Skip to Content

Support MinnPost

UCare generously supports MinnPost’s Second Opinion coverage; learn why.

Lead-poisoning case linked to Ayurvedic supplements renews concerns about herbal remedies

Laborers pushing a tub of herbs at the Sri Lankan Ayurvedic Drugs Corporation
REUTERS/Buddhika Weerasinghe
Laborers pushing a tub of herbs at the Sri Lankan Ayurvedic Drugs Corporation in the Navinna suburb of Colombo.

Many people who turn to traditional herbal remedies to treat their aches and pains believe that even if the treatment turns out to be ineffective, it will at least be harmless.

But that’s not necessarily true, as underscored by a recent case study published in the journal BMJ Case Reports.

The report, written by medical student Amelia Breyre and Dr. Judith Green-McKenzie, both of the University of Pennsylvania Perelman School of Medicine, describes how a 26-year-old man — a graduate student at the university — developed a serious case of lead poisoning after being treated for low back pain with four different Ayurvedic herbal medicines while vacationing in India. He had continued to take the medicines after he returned to Pennsylvania.

Within three months, the student was at a hospital emergency room, complaining of severe upper abdominal pain. He told the doctors he had been experiencing decreased appetite, weight loss, and dark-colored stools for about two weeks. During the previous 24 hours he had also been nauseated and had vomited up some blood.

The student was admitted to the hospital, and underwent a series of tests. One of the tests revealed he had a blood lead level (BLL) of 94.8 ug/dL. The typical BLL for adults in the U.S. is less than 10 ug/dL, and a BLL above 80 ug/dL is considered “extremely dangerous,” according to the New York State Department of Health.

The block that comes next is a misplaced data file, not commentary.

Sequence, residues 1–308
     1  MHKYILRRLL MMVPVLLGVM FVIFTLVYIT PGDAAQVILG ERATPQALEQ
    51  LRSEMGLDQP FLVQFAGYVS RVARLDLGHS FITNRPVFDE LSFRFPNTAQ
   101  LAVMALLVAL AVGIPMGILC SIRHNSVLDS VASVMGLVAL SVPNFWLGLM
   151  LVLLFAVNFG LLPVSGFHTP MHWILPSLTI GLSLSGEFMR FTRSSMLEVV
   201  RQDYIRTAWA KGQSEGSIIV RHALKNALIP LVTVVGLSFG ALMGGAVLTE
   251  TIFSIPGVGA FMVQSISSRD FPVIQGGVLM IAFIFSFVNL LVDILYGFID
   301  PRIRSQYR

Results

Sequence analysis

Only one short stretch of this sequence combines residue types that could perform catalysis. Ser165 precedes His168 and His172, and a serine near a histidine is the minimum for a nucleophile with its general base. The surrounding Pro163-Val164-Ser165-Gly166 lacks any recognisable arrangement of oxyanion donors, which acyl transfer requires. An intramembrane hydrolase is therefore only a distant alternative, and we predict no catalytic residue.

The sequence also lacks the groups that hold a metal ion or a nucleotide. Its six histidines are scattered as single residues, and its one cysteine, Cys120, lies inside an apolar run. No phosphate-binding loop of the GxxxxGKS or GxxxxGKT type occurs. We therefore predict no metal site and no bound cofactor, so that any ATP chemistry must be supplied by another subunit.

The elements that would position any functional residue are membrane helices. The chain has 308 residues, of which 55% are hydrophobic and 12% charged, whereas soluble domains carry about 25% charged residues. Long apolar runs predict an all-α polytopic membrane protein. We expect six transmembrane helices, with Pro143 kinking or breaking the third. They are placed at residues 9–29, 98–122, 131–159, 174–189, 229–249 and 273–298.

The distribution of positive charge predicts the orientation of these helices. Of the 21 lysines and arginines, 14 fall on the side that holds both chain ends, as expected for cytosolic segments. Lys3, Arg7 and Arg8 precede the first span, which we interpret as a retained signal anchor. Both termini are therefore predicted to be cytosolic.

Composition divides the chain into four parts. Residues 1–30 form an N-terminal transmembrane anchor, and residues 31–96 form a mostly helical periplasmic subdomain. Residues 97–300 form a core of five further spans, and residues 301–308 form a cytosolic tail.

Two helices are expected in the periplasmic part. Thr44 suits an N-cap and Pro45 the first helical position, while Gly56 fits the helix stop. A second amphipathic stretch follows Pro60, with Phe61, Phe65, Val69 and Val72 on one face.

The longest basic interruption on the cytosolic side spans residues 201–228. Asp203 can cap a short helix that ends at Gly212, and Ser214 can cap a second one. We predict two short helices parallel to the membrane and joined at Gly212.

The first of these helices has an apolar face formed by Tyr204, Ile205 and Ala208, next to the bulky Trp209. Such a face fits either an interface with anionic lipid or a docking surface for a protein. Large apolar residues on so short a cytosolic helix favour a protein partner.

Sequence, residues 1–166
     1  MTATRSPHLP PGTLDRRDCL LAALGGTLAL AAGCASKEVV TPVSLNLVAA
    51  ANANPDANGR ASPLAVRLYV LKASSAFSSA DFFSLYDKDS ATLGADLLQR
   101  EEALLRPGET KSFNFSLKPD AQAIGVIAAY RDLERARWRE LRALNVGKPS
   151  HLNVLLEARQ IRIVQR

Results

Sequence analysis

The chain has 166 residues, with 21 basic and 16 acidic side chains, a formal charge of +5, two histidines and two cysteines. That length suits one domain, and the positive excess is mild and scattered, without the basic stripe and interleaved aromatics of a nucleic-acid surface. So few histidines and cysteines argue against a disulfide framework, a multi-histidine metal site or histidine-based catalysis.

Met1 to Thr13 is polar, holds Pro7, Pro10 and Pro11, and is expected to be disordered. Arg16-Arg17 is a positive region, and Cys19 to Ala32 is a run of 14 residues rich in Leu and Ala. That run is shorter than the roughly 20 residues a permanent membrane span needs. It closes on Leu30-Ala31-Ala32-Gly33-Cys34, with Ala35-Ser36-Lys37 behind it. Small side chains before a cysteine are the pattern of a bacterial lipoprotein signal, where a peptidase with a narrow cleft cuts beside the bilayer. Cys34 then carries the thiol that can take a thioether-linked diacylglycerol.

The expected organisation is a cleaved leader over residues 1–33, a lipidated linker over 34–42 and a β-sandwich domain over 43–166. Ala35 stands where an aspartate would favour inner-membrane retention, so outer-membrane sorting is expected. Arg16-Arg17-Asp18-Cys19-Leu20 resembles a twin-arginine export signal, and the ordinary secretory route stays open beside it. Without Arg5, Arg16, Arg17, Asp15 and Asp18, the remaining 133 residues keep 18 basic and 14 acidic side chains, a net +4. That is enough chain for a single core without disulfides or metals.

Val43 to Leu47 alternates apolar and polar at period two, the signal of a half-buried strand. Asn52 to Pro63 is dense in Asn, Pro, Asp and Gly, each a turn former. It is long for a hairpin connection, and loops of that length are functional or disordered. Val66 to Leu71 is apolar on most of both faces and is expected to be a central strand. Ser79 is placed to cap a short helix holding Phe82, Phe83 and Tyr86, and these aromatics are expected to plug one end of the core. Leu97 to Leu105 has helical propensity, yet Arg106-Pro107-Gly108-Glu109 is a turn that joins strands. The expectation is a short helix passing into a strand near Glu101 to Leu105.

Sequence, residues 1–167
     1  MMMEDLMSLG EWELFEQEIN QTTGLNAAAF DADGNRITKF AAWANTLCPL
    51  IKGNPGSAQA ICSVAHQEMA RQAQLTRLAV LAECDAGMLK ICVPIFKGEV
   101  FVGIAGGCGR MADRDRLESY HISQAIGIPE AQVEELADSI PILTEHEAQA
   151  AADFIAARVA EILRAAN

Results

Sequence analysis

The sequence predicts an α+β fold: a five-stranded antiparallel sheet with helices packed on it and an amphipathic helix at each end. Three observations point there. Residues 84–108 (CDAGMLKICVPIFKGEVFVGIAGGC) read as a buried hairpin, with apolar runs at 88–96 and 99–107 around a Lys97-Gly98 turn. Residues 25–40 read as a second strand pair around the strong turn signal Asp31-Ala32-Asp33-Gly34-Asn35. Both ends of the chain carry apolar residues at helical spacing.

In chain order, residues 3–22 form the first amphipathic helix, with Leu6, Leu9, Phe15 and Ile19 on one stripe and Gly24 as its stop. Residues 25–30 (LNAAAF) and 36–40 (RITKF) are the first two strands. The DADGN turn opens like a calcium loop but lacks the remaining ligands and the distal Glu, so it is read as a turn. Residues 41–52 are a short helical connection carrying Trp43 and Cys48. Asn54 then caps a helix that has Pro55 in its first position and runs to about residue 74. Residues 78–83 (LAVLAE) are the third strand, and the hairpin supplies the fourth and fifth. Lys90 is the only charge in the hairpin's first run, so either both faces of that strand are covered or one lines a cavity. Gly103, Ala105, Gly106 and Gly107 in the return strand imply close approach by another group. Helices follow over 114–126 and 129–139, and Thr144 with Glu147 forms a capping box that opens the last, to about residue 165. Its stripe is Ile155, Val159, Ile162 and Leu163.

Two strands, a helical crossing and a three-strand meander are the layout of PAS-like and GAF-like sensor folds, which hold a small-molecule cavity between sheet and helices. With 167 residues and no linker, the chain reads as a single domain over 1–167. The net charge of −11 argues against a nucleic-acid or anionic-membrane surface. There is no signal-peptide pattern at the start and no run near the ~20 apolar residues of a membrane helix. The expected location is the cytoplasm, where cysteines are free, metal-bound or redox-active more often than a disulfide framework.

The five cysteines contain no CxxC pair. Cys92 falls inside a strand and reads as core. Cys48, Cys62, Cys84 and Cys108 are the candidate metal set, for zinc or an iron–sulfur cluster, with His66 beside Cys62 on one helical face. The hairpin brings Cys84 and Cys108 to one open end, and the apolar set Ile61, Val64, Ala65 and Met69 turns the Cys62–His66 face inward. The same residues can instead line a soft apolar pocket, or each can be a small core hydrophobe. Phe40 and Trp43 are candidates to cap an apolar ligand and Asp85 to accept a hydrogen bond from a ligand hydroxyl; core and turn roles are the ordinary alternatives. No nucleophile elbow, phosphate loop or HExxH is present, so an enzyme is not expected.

The student was given the drug succimer, which helps remove lead from the body. He was also told to stop taking the Ayurvedic medicines.

Within three months, his symptoms had disappeared. He remained asymptomatic three years later, and his blood lead levels had fallen to less than 20 ug/dL.

Many other incidents

This is not an isolated case. As Breyre and Green-McKenzie point out in their paper, complementary and alternative medicines — particularly Ayurvedic herbal concoctions — have been implicated in many cases of lead poisoning around the world, including here in the United States.

In a 2015 study, researchers tested the blood of 115 U.S. users of Ayurvedic herbal medicines and found that 46 of them (40 percent) tested positive for lead poisoning. Several other clusters of lead poisoning among people taking Ayurvedic medicines have popped up around the country during the past decade, including six cases among pregnant women in New York City in 2011-2012. 

Here in Minnesota, state health officials have reported several cases in recent years of Minnesota children returning from visits to India with high levels of lead or mercury in their blood — levels traced back to Ayurvedic herbal treatments.

Two milleniums old

Why are Ayurvedic herbal medicines  — which have been used in India for more than 2,000 years — likely to contain lead and other toxic metals? Breyre and Green-McKenzie explain:

In Ayurveda, Rasashastra is a sub-division that deals with the study of metal and mineral. Metals, such as mercury, lead and arsenic, are used as adjuvants to the primary herbal therapy for many chronic illnesses including rheumatoid arthritis, epilepsy, insomnia and asthma. Metals are believed to exert their own therapeutic effect, enhance the potency of other medications and facilitate drug delivery to target site.